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New documentary assails questionable ethics in addiction treatment industry

April 21, 2015
by Gary A. Enos, Contributing Editor
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EXCLUSIVE

An individual in long-term recovery who worked in the treatment field teamed up in 2011 with a filmmaker with no previous exposure to the subject of addiction to examine the practices of the treatment industry. The result of their work, a documentary that will have its official premiere April 26 at a film festival in California, paints an altogether unflattering picture, arguing that the nation's substance use problems have worsened at the same time as the field's revenues have soared.

The Business of Recovery,” which was shown in March at the Phoenix Film Festival and will be featured twice next week at the Newport Beach Film Festival, features interviews with treatment center executives, research experts, and addicts and their family members who sought to navigate what they often saw as an uncaring and money-driven treatment system. Producer Greg Horvath says he started working on the film four years ago with director Adam Finberg because “I started to question a lot of what we do. You can only see it so many times not working.”

Some of the family members who appear in the documentary say their loved ones endured numerous frustrating treatment experiences from many providers. Susan Colasurdo, whose young adult son Michael died of a heroin overdose three months after he was interviewed for the documentary, said in the film in reference to the facilities her son had visited, “Not one of them has done anything different from the others.” Being left in the dark about what their expenses were paying for is a frequently cited complaint among the family members interviewed for the film.

The documentary reserves some of its strongest criticism for 12-Step approaches to treatment, citing that while a 1998 national sample of private facilities found that 90% based their treatment on a 12-Step model, only around 5 to 10% of patients are substantially helped by this approach (the latter figure is stated in the film by retired Harvard Medical School professor and 12-Step critic Lance Dodes, MD).

Prescription for improvement

While Horvath and Finberg tell Behavioral Healthcare that the film does not set out to offer a solution to shortcomings in the field (they say they prefer to let viewers judge what they see), the documentary does offer hints to some alternative strategies. Presented by interviewed sources such as Dodes; addiction medicine specialist Stuart Finkelstein, MD; University of New Mexico emeritus professor and Motivational Interviewing (MI) expert William Miller, PhD, and SMART Recovery president Tom Horvath, PhD (no relation to the film's producer), these suggestions include:

  • More of a strict science-based approach to treatment. Miller says in the movie that some addiction field leaders will call a treatment “evidence-based” if just one study shows a basis for it—even if dozens of other studies call the approach into question. Greg Horvath says too much of what happens in addiction treatment is based on “passion and belief,” adding, “We don't treat cancer that way.”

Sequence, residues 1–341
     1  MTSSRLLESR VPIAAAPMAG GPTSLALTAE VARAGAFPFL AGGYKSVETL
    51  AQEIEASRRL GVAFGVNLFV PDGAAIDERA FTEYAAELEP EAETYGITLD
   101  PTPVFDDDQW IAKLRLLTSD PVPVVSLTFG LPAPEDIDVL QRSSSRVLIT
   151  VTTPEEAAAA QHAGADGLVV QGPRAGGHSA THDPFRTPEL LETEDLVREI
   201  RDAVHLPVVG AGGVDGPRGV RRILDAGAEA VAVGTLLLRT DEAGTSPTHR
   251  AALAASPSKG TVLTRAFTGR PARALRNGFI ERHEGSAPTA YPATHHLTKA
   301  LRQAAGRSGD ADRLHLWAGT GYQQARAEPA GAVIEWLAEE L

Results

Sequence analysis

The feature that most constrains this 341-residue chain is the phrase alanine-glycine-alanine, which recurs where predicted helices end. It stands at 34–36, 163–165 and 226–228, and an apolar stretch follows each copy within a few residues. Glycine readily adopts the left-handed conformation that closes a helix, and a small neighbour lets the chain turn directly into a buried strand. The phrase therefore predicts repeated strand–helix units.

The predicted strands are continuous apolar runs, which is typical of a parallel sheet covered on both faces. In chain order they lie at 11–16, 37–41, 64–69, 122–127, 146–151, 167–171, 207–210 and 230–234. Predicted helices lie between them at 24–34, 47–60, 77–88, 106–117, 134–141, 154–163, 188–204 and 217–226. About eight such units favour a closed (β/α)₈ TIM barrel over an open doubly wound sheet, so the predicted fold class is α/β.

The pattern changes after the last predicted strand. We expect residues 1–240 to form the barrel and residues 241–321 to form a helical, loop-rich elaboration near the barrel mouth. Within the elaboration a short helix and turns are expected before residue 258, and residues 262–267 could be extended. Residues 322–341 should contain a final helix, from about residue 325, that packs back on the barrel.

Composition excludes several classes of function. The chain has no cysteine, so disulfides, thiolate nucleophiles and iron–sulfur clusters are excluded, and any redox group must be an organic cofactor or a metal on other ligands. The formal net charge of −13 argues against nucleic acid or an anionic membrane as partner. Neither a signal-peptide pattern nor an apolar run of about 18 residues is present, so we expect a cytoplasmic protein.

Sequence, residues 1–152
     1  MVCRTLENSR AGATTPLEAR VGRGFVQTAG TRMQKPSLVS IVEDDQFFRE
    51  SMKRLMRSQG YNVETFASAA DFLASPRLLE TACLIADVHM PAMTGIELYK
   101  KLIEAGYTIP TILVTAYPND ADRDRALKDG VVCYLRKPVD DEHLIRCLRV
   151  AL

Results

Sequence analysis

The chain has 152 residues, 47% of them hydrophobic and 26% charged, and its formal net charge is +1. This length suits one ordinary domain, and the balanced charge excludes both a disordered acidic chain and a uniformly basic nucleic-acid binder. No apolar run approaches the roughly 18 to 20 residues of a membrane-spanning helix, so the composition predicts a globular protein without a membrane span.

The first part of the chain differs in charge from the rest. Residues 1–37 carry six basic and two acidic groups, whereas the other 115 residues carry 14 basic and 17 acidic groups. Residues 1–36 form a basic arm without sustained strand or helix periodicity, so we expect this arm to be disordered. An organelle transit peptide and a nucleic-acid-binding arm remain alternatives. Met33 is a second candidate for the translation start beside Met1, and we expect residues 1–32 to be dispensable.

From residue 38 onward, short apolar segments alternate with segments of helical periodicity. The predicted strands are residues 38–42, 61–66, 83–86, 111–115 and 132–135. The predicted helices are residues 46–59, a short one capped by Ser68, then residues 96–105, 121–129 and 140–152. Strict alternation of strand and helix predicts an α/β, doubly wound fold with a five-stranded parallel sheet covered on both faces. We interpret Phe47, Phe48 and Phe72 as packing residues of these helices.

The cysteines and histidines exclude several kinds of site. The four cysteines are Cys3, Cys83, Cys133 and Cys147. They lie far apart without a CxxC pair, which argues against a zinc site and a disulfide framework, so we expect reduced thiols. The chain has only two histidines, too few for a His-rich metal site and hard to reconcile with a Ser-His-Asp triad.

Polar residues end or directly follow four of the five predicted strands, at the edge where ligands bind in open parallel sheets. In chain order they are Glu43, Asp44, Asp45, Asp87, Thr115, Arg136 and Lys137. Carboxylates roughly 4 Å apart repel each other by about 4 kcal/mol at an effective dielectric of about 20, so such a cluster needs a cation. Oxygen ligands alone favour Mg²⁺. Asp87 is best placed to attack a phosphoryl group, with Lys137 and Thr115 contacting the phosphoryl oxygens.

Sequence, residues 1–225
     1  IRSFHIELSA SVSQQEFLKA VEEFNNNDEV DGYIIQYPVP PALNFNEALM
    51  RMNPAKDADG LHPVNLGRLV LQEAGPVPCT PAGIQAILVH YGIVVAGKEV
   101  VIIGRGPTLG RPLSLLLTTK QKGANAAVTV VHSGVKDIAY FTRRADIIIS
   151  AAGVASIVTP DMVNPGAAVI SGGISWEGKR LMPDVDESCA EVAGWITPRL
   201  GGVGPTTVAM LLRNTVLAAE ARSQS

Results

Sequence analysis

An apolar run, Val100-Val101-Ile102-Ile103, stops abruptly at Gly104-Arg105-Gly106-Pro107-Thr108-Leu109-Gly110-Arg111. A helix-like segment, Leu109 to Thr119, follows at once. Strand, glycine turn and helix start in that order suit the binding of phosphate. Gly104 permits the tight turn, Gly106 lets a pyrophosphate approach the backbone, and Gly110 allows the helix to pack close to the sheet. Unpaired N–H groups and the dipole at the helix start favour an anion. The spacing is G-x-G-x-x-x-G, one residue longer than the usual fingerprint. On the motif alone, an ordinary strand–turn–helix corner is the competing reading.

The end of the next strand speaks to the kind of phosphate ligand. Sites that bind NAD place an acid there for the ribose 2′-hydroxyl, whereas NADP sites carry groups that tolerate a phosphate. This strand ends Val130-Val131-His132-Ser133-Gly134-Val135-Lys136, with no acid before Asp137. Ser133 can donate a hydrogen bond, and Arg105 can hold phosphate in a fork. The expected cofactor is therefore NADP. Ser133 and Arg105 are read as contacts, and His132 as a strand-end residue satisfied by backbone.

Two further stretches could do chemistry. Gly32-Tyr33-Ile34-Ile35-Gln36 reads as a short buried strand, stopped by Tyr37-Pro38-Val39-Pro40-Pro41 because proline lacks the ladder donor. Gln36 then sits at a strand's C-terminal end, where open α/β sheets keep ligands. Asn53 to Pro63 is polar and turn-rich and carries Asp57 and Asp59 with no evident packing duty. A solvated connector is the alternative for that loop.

• A commitment by government to regulate the industry more closely if it will not police itself better. The film offers sharp criticism of sober home operators in this regard, with Michael Colasurdo saying “They're not so sober” and acknowledging that one home where he stayed conducted no drug testing and routinely allowed residents to leave the premises on evenings and weekends.

  • Stronger education and credentialing requirements for clinicians. Dee-Dee Stout, a consultant and counseling professional, admits in the film that the fact that she herself started working with addicted patients after she had just nine months of sobriety and no educational background in the field amounts to a “scary thought.”

  • Clinical services that are less heavy on educational lectures and coercion and look more at the factors that motivate individual patients.

  • A more systematic approach to measuring the success of treatment, moving away from efforts that rely solely on patient self-report. “I don't understand how an industry that has never defined what success means can be allowed to cite success rates,” says Greg Horvath.

Tom Horvath tells Behavioral Healthcare that the movie is “upsetting,” adding, “It is a reminder of the abuses in the substance abuse treatment industry that I have been aware of for so long that I have been desensitized to them.” He says, “Fundamentally it's an appeal to ethics and science.”

The producers compare increasing death rates from drug overdoses to declining death rates from cancer, stating that the latter field's work is paying off for patients because it is governed by science. The film also cites statistics on climbing revenues in the addiction treatment industry, and lists the high salaries of some nonprofit facility executives.

The filmmakers say they are currently planning next steps following the Newport Beach event, as they have received numerous requests to screen the documentary and also are looking to reach a distribution deal.

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